The start-up procedure plays a critical role in the cosmetic appearance of any new finish for years to come. There are several approaches to initial start. The main objectives are to balance pH, total alkalinity and calcium hardness levels and to remove the plaster scale (dust) created by fresh plaster and water. NOTE: Colored Plaster will require different care then white plaster.
It is important that the finish is brushed twice daily for the first week and once daily for the next two weeks. The finish can be vacuumed also however use a brush vacuum and not a wheeled vacuum. A wheeled vacuum can leave marks and is not recommend to be used for the first 30 days. This is also true for an automatic vacuum. Here are a few items that we recommend that you do not use for a period of time
- Do not use heaters for a minimum of three weeks.
- Do not turn on any water features such as fountains and or waterfalls that aren’t necessary until the start up procedure has been completed.
- Do not use any type of vacuums with wheels for a minimum of three weeks.
- Do not add any chemicals unless they are diluted in a pail with pool water before adding them to you pool.
- Do not mix any chemicals together at any time while adding them to your pool. DANGER - CHEMICAL REACTION
- DO NOT ADD SALT to your swimming pool for 30 days after the filling of the swimming pool If there is a chlorine generator installed on your swimming pool
Startup and Maintenance Procedures for Aggregate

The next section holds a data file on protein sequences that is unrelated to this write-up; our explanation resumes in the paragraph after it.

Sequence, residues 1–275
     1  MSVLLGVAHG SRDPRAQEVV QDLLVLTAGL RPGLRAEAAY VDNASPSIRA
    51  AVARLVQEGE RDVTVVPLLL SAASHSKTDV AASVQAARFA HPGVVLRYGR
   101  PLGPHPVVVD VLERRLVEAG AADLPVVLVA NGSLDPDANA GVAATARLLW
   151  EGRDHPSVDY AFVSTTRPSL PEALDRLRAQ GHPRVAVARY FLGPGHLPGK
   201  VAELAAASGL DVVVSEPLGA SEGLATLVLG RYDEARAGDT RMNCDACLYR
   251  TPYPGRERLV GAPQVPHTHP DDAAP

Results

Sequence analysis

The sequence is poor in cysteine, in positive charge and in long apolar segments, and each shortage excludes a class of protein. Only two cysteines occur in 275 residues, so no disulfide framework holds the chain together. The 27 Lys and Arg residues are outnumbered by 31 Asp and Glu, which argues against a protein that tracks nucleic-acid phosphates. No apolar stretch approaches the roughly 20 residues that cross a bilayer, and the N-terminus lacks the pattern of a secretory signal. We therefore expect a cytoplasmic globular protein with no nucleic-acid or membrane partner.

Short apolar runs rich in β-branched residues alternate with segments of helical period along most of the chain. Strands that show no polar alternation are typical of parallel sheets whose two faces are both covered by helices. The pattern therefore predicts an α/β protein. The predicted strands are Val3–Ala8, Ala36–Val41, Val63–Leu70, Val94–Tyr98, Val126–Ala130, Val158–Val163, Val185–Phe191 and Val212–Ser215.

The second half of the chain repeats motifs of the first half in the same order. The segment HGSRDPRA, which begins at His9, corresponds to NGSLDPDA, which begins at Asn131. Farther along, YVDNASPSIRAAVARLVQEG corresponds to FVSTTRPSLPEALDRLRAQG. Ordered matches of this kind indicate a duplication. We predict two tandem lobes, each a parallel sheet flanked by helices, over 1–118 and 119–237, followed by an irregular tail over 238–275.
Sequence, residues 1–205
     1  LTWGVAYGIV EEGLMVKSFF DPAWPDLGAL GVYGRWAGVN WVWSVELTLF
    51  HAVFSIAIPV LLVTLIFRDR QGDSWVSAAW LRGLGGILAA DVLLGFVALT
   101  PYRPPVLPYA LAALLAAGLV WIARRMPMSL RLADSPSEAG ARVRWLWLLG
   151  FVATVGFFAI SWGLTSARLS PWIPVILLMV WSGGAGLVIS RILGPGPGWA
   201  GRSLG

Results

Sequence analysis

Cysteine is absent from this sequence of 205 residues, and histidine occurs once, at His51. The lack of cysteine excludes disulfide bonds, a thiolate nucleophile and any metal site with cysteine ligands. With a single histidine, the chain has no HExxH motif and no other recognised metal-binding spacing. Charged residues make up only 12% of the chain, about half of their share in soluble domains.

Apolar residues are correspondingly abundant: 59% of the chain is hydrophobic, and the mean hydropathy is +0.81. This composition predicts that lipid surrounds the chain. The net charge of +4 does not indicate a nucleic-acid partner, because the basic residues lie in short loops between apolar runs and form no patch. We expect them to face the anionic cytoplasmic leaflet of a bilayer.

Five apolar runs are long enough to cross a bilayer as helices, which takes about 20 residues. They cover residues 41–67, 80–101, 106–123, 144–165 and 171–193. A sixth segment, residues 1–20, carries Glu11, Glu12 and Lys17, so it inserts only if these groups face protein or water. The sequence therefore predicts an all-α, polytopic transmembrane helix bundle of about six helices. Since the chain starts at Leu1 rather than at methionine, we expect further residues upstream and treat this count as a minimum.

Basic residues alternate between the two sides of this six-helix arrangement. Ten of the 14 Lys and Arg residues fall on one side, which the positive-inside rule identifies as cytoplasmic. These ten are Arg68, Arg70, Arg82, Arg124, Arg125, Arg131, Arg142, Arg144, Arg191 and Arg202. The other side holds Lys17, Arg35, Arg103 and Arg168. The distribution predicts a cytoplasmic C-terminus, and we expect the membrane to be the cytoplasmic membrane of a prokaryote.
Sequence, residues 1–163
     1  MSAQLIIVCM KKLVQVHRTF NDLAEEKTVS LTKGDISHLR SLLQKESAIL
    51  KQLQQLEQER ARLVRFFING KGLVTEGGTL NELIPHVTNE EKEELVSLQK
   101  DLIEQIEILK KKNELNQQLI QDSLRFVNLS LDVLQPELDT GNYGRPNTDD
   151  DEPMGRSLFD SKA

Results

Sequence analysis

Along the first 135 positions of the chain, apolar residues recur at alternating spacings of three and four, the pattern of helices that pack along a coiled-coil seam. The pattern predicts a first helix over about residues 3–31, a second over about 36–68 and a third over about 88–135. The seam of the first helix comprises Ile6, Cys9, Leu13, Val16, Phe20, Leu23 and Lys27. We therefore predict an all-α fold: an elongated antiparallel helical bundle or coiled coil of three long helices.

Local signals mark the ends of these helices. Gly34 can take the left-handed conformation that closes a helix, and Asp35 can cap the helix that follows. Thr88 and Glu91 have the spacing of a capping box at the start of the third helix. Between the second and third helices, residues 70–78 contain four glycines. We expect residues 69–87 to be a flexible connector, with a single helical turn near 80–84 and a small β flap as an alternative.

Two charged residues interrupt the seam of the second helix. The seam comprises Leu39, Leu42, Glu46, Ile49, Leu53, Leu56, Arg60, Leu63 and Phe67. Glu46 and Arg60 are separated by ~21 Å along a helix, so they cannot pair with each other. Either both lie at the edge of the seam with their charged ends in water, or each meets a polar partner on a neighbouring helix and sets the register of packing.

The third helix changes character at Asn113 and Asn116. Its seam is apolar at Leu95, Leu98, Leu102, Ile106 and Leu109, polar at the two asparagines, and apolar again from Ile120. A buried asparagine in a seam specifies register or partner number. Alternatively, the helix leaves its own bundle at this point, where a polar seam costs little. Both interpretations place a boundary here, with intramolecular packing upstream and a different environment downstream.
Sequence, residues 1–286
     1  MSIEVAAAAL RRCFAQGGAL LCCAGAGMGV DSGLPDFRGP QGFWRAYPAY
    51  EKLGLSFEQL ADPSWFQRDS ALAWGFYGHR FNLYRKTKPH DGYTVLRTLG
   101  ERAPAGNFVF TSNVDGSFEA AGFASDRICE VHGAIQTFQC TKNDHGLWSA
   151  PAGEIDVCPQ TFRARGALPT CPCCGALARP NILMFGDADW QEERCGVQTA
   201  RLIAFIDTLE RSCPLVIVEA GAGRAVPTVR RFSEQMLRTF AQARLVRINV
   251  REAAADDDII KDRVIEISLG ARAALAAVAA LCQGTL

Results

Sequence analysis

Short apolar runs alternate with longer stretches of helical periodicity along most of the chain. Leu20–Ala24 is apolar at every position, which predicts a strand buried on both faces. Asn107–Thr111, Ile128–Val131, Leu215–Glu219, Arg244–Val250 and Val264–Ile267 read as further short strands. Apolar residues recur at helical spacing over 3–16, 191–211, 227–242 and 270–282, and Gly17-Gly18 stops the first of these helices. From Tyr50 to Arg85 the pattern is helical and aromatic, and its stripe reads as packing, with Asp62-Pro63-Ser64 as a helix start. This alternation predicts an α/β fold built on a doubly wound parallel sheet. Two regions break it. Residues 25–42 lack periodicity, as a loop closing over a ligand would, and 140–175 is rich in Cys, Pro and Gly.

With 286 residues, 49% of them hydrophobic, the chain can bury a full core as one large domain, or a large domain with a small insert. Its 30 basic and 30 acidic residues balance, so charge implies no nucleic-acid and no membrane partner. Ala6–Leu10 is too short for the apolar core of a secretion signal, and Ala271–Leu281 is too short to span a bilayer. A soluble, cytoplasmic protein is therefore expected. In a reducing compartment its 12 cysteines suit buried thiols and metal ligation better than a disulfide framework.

- After the finish is exposed, let it air dry for as long as conditions will allow. Delaying the fill water a few hours or until the next morning will reduce the occurrence of shade variations (Mottling). Care must be taken not to over-dry the plaster and cause shrinkage cracking. There are no substitutes for experience and knowledge of local conditions in determining how long to let plaster air dry.
- Pre-filter the water with a carbon tank and use a sequestering agent to eliminate stain-causing contaminants.
- Start the circulation system as soon as possible using the main drain line. Do Not start the system until the water level is above the return inlets. Circulate the pool continuously for the first 3
- On the first day test and record chlorine, pH, total alkalinity, calcium hardness and temperature levels. Adjust pH to 7.2 to 7.4 and the Total Alkalinity to 100ppm. Dissolve all chemicals in water first and allow sufficient time for each chemical to be fully dispersed before adding others. Do Not add chlorine or calcium chloride.
- Brush the entire surface twice each day for the first 3 days. Clean the filter as needed.
- On the second day, repeat steps 4 and 5 above.
- On the third day adjust Free Chlorine: 1.0 to 3.0 ppm Ph: 7.4 to 7.6
- Total Alkalinity 80 - 120 ppm
- Calcium Hardness: 200 - 400 ppm
- Stabilizer: 30 to 100 ppm
- Adjust the pump timer to normal operating hours.
- Do not install automatic pool cleaners for 28 days.
- Do not vacuum the pool with a wheeled vacuum for 14 days, to avoid leaving "Wheel Marks". Brush type vacuums may be used immediately.
- Brush pool walls and floor daily for the first 2 weeks.